PLANET9 continues to gain momentum with University Invitational

PLANET9’s University Invitational, a League of Legends competition between eight London universities, began last Thursday with the group stage.

PLANET9 Bar
Credit: PLANET9

Universities taking part in the competition include King’s College London, Royal Holloway University of London, London School of Economics, University of Roehampton, London South Bank University, Imperial College London, University College London, and Queen Mary University of London.

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The competition is presented in partnership with Acer—creator of the PLANET9 esports platform—with a total prize pool worth £2000 in Acer products. First place will take £1000 worth of prizes, second place will take £500, and third place £250. Acer product series Predator is also an official partner of the event, while HudL.gg, esports solutions company based in London, will support the event.

PLANET9 has attracted two key influencers tasked with mentoring the university teams: namely Raymond ‘KaSing’ Tsang, support player for Excel Esports’ academy team BT Excel, and Dan ‘Foxdrop’ Wyatt, currently a League of Legends colour caster and content creator with over 500,000 YouTube subscribers.

The tournament format is as follows: last week the group stage began, with four teams advancing to the winner’s bracket (WB) and loser’s bracket (LB) respectively. Two matches were played in the WB with the victors advancing to the semi-final stage, to be played on Saturday 21 November along with the grand-final and third-place playoff. Losers were relegated to the LB second round. Losers at this stage and indeed the preceding LB stage were eliminated from the tournament; these teams were Queen Mary, London School of Economics, Royal Holloway, and King’s College.

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Winners of the LB round one advanced to the LB second round, where they each faced a loser from the WB. Winners at this stage advanced to the semi-finals. University College London and University of Roehampton dominated their respective games last week to reach the semis. ‘JOJO’—University of Roehampton’s top-laner—stood out as one to watch, and London South Bank bounced back after losing their opener to University College London, piecing together three subsequent wins to reach the semi-finals.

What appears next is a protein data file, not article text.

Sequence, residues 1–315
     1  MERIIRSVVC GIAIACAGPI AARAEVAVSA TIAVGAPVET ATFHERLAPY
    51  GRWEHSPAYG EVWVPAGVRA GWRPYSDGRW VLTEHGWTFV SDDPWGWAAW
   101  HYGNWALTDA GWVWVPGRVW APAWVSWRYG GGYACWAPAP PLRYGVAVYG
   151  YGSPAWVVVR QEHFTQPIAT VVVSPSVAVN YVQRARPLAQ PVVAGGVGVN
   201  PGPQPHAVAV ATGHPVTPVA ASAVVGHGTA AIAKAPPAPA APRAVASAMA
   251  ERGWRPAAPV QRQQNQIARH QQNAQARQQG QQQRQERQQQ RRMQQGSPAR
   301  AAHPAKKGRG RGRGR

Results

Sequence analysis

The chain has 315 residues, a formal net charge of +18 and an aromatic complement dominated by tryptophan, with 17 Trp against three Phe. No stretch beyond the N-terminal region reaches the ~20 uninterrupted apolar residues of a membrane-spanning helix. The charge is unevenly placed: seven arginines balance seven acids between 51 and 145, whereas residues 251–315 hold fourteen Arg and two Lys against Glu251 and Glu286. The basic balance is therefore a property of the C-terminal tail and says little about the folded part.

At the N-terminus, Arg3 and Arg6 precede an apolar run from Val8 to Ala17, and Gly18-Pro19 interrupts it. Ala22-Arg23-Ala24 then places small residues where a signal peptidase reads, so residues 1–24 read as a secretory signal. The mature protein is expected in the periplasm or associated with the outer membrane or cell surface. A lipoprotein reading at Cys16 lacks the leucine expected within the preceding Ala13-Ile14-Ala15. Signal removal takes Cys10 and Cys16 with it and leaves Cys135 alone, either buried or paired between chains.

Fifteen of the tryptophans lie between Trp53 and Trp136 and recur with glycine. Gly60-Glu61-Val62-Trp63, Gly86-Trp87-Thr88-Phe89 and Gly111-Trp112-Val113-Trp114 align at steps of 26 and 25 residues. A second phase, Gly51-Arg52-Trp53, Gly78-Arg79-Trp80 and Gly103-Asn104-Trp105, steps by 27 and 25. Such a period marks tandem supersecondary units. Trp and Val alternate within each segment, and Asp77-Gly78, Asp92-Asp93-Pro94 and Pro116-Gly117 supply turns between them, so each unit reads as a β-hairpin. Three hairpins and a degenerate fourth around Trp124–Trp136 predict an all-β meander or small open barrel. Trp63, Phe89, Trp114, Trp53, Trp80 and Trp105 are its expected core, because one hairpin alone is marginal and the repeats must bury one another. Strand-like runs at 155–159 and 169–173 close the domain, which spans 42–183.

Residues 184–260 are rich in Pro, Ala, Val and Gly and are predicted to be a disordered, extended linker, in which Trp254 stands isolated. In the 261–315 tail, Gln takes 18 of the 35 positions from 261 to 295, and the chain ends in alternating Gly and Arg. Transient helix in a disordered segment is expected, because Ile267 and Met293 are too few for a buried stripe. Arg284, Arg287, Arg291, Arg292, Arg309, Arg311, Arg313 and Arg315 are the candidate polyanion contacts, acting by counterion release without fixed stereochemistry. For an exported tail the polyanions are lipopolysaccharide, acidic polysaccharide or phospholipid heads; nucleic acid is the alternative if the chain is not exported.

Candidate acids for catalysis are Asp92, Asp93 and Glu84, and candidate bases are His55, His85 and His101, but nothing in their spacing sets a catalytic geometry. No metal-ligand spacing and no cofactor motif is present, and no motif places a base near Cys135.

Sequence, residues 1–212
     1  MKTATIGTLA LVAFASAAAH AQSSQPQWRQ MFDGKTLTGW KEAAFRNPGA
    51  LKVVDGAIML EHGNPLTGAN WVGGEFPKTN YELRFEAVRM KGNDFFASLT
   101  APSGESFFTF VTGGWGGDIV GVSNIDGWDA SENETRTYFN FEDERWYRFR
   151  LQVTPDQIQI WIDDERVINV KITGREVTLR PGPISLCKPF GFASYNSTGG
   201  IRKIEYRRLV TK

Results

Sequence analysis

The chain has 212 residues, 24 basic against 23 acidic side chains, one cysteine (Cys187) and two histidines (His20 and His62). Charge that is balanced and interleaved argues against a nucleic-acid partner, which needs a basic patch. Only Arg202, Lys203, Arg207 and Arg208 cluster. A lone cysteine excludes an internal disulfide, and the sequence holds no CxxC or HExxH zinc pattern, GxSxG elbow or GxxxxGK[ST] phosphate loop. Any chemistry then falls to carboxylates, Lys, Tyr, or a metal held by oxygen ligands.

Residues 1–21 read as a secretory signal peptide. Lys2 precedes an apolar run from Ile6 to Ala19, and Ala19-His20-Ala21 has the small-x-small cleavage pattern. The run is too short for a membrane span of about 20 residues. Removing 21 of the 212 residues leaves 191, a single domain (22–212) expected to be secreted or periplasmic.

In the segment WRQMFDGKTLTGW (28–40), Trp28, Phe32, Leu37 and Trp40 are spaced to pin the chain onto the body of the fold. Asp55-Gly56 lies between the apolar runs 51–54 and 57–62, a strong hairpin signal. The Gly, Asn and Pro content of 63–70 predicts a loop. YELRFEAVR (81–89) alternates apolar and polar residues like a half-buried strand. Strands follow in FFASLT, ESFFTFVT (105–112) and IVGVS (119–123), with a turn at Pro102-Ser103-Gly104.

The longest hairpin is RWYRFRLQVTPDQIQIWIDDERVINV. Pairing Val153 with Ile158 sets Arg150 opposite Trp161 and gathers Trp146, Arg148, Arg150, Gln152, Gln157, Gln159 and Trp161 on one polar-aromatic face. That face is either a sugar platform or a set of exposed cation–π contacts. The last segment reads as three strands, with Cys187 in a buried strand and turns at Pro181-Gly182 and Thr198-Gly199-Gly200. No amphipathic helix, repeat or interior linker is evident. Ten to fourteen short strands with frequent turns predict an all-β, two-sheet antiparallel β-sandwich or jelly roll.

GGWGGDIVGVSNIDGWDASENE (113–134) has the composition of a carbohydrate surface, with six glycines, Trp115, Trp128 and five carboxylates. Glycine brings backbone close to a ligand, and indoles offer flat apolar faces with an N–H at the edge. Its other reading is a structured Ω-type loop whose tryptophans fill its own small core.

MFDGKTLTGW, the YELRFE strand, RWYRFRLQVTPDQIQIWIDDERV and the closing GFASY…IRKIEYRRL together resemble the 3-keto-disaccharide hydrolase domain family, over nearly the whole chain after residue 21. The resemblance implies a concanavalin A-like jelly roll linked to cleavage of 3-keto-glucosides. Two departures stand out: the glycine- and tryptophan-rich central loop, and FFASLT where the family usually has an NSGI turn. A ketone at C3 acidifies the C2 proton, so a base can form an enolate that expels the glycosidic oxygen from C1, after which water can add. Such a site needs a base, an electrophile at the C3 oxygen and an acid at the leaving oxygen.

The four remaining teams heading into the semi-finals are University College London, University of Roehampton, London South Bank, and Imperial College London. Naturally the two semi-final winners will compete in the grand-final, whilst the losers will fight for consolation in the third-place playoff.

PLANET9 is also running a giveaway for viewers; a Predator Triton 500 Gaming Laptop, Predator Gaming backpack and 15,840 Riot Points are up for grabs. Instructions can be found here.

The final day takes place on November 21 at 6pm GMT, and will be streamed live at Twitch.tv/HudL_gg. The grand-final will be a best-of-five format, whilst semi-finals will be best-of-three.

Players can sign up to the PLANET9 platform here to enter esports tournaments, connect with other gamers, record gameplay for post-match analysis, or utilise the coaching feature; the platform suggests coaches based on their expertise to help players improve. Players can also use the platform’s ‘carry’ feature, which offers the chance to play with and consult highly skilled users.

Esports Insider says: University esports is an incredibly intriguing ecosystem, and every week fresh news drops of universities becoming more involved. Perhaps this competition between London universities will spark longer-term esports rivalry between the institutions. Greater access to competitive gaming for all, and potentially another arm of varsity rivalry—when it comes to university esports, what’s not to be optimistic about? 

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Disclaimer: this article is sponsored by PLANET9.